Previous studies examining the effect of ghrelin and unacylated ghrelin on the growth of breast cancer cells showed little activity at doses below 1 µM (Cassoni et al., 2001). Considering the increasingly acknowledged role of the ECM in dictating the biology of tumors in vivo, including aggressiveness and response to treatment, we sought to examine the effect of ghrelin and more importantly, unacylated ghrelin, in 3D cultures of breast cancer cells. Although both are hypothesized to bind alternate ghrelin receptors, beneficial effects on energy homeostasis have only been reported for unacylated ghrelin – likely due to ghrelin stimulating insulin resistance via its cognate receptor. The dependence on 3D culture was examined for unacylated ghrelin, where treatment of MCF7 and MDA-MB-468 cells with 100 pM resulted in suppression of cell growth in matrigel and collagen, but not in 2D (Figure 1—figure supplement 1a and b). At this dose, no effects on MDA-MB-231 cell growth were observed in either 2D or 3D cultures (Figure 1—figure supplement 1c). Inhibition of MCF7 and MDA-MB-468 cell growth was observed at 10-18-10-10 M, with maximal effects observed at picomolar doses (Figure 1—figure supplement 1d and e). The degree of inhibition is directly related to the degree of growth stimulation induced by serum or estradiol. Again, no significant effect was observed in MDA-MB-231 cells (Figure 1—figure supplement 1f). The effects of unacylated ghrelin were mimicked by ghrelin, where 100 pM of either ghrelin and unacylated ghrelin were found to suppress the growth of MCF7 breast cancer cells when grown in 3D in matrigel (Figure 1—figure supplement 1g). To gain insights into the breadth of effects of unacylated and potential predictors of response, the effect of 100 pM unacylated ghrelin was tested in a panel of breast cancer cell lines grown in 3D, including ER+/PR+/HER2- (MCF7, T47D), ER+/PR+/HER2+ (ZR-75), HER2+ (SKBR3), TNBC (MDA-MB-468, DU4475, MDA-MB-157, Hs578T, MDA-MB-231), and tamoxifen-resistant (LCC2) cells (Figure 1a–c). In the presence of serum, unacylated ghrelin significantly inhibited the growth of all breast cancer cells examined except for three of the TNBC cell lines (Figure 1c; DU4475, Hs578T and MDA-MB-231). Unacylated ghrelin also suppressed the estradiol-stimulated growth of ER+ breast cancer cells (Figure 1b). Responsive cells included those having mutations in PTEN and PIK3CA, while resistant cell lines carried mutations in BRAF, HRAS and/or KRAS (Figure 1c; Table 1). To test whether these mutations confer resistance to treatment, the effects of unacylated ghrelin were examined in BRAFV600E-transfected MCF7 cells or colon cancer cells (RKO, HCT116) that carry mutations in BRAF or KRAS, respectively. Transient transfection of MCF7 cells with mutant BRAF led to resistance to unacylated ghrelin treatment in estradiol- and serum-stimulated cells (Figure 1d). Unacylated ghrelin had no effect on the growth of RKO and HCT116 cells (Figure 1e and f). However, loss of the mutant alleles for BRAF or KRAS led to sensitization of RKO and HCT116 cells, respectively. Loss of the wild-type allele had no significant effect. Binding of Cy3-labeled unacylated ghrelin to responsive and non-responsive cells (Figure 1—figure supplement 1h) suggests that resistance is not due to lack of binding or receptor expression.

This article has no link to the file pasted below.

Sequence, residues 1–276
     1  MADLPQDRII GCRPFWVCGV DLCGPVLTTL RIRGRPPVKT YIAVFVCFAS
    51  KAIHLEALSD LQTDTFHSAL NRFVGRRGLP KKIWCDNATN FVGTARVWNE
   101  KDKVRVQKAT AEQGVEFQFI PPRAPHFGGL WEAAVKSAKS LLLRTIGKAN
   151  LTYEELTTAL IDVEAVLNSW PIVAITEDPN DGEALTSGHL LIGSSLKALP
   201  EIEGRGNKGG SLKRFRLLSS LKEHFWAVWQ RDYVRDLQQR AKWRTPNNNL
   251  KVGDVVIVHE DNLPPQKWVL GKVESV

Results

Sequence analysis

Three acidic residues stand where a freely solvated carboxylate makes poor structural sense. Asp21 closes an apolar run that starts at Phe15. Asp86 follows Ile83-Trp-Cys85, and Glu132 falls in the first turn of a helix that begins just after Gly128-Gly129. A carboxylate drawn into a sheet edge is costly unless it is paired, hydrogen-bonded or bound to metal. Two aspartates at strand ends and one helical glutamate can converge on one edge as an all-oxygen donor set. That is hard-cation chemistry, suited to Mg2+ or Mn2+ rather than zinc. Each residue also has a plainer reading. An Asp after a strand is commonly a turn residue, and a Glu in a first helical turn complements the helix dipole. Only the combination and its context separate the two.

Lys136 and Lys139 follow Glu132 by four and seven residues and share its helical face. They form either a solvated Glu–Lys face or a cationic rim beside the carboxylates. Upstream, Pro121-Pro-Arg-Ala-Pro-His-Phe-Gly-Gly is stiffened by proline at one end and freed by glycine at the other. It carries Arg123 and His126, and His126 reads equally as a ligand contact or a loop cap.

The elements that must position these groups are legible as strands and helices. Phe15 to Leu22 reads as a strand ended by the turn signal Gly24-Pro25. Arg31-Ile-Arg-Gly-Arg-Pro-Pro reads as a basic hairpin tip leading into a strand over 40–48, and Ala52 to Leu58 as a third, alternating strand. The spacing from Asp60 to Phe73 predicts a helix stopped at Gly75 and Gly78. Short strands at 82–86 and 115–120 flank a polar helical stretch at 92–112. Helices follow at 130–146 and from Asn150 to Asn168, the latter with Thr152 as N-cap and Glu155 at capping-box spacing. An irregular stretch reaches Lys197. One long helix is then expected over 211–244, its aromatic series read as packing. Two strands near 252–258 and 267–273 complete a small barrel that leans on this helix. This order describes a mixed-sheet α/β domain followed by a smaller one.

Figure 1 with 1 supplement see all